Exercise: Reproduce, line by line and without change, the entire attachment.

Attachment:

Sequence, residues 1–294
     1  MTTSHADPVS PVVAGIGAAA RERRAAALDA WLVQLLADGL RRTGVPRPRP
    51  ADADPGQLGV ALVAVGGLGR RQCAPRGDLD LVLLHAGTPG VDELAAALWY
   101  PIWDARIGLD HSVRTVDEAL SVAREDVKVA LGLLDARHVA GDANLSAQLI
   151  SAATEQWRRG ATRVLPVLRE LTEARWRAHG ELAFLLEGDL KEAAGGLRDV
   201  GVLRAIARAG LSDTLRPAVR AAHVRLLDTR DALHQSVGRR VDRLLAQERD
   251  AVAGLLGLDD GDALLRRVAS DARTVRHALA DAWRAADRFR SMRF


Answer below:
Sequence, residues 1–294
     1  MTTSHADPVS PVVAGIGAAA RERRAAALDA WLVQLLADGL RRTGVPRPRP
    51  ADADPGQLGV ALVAVGGLGR RQCAPRGDLD LVLLHAGTPG VDELAAALWY
   101  PIWDARIGLD HSVRTVDEAL SVAREDVKVA LGLLDARHVA GDANLSAQLI
   151  SAATEQWRRG ATRVLPVLRE LTEARWRAHG ELAFLLEGDL KEAAGGLRDV
   201  GVLRAIARAG LSDTLRPAVR AAHVRLLDTR DALHQSVGRR VDRLLAQERD
   251  AVAGLLGLDD GDALLRRVAS DARTVRHALA DAWRAADRFR SMRF